How to Choose Paint Colours for a South Facing (Southern Exposure) Room
A south facing room can be one of the most satisfying rooms to choose paint colours for. Unlike a north-facing room, which relies heavily on paint colour and lighting to feel lively, a south facing room feels warm and inviting all on its own as it gets direct infusions of natural sunlight all day long.
Decorating is about balance and it’s important to balance out the warm and cool levels in your room
The most important (and complicated) thing to remember about a south facing room is that the quality of natural sunlight changes throughout the day. Overall, the light coming is warm and yellow toned, yet it can wash colours out in the middle of the day when the sun is at its peak. So, a colour that looks ‘just perfect’ in the morning and evening, might appear washed-out in the middle of the day. A colour that looks perfect in the middle of the day might become too bright in the morning and evening. So what do you do?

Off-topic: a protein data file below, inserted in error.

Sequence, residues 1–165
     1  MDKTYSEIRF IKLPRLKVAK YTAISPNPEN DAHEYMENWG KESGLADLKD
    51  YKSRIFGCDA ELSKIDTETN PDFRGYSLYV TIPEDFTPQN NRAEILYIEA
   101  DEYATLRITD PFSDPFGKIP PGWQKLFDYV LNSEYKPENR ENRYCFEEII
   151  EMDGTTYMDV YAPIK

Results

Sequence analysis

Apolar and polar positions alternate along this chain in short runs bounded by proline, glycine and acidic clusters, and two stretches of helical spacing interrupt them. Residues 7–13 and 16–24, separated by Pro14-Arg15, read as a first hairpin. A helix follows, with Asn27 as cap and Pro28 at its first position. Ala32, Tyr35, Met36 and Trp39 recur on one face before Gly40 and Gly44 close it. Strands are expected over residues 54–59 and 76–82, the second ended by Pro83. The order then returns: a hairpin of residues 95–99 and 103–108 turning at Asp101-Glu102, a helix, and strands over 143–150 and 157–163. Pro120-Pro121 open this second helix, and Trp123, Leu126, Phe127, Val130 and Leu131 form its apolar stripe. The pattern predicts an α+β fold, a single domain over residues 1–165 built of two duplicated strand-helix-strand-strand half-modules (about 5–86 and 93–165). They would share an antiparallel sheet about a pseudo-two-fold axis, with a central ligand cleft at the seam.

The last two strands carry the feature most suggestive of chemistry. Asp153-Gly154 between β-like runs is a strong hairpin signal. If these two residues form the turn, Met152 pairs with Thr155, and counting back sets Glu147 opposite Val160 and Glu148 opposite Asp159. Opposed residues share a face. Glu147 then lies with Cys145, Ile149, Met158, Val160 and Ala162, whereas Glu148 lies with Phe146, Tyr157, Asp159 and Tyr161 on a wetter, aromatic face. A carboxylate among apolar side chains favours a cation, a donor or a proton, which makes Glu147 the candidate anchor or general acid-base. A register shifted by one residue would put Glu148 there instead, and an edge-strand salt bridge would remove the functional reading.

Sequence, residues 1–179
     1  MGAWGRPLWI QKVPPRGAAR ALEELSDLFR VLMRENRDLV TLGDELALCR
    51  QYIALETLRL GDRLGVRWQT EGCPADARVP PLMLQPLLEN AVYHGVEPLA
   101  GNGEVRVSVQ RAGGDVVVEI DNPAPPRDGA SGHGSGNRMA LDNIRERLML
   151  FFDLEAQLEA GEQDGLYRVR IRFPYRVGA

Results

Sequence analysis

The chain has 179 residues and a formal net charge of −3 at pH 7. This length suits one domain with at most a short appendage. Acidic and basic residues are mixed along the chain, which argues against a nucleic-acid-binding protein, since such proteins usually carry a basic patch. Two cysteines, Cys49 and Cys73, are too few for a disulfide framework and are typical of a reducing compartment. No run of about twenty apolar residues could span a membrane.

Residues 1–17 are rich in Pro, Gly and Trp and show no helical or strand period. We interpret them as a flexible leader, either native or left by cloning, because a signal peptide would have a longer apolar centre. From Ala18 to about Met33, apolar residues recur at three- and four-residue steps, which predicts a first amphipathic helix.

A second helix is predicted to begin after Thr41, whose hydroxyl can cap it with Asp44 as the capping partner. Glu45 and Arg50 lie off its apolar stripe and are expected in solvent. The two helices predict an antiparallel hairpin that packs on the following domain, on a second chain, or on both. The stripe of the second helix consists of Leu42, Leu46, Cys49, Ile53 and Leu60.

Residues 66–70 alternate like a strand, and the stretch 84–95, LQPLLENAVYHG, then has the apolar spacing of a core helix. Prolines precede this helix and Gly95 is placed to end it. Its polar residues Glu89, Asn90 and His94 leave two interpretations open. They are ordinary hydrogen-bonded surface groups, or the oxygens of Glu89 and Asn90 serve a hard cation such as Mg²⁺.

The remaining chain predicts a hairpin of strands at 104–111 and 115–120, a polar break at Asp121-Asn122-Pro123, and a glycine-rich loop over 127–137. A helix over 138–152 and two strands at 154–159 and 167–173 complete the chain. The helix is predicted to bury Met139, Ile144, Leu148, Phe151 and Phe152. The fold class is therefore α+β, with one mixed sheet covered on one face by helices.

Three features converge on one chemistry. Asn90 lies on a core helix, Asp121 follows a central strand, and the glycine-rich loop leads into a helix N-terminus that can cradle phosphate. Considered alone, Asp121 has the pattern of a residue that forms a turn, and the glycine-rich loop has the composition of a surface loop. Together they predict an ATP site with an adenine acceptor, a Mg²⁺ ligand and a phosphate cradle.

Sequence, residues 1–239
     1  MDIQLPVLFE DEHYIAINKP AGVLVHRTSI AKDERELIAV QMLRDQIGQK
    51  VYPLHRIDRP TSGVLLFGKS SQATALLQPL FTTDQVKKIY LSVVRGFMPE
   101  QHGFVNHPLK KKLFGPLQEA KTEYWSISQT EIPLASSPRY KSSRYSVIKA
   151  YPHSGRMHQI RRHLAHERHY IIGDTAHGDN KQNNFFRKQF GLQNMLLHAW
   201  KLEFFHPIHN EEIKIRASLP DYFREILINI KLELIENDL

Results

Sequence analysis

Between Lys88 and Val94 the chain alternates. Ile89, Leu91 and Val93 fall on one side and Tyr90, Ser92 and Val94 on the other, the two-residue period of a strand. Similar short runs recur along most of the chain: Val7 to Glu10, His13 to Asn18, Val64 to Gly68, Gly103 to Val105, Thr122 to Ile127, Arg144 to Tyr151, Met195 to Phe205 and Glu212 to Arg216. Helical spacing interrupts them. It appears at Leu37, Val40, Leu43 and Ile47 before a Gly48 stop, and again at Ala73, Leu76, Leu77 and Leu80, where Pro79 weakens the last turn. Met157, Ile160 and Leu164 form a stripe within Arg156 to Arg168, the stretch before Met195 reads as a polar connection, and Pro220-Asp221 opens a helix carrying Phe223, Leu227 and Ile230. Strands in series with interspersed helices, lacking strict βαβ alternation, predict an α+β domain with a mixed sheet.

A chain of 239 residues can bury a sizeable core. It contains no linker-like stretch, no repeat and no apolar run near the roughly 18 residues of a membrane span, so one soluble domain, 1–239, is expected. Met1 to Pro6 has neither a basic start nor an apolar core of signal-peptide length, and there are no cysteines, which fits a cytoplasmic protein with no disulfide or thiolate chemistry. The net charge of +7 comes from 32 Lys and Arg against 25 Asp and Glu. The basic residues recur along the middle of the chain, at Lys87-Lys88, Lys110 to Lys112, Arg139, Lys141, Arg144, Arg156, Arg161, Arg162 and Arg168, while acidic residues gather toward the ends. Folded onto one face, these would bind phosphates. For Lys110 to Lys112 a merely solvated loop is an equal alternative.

It is VITAL that you look at your paint colour samples through a full day – or even several days! See which colours hold their own through the hours and which ones wash out. Which colours make the room feel a bit more balanced and which ones make you feel a bit overheated and off-balance.
BTW: I did my best to include photos of south-facing rooms in the examples, some photos are for colour viewing purposes only.
Now on to the fun stuff!
The 2 Types of South Facing Rooms
Type 1: South facing with a lot of windows
The first type of south facing room has TONS of natural sunlight due to the amount of window space. On hot days, these rooms not only look warm but they ARE warm. Adding a cool colour to this space is a great way to lower the visual heat, making it appear more comfortable and balanced.
Well-lit south facing rooms can look good with a light paint colour, keeping in mind that depending on HOW light the colour is, it may appear a bit washed out in the middle of the day.
Medium tones can also work well in a well-lit room and tend to balance intense light quite nicely.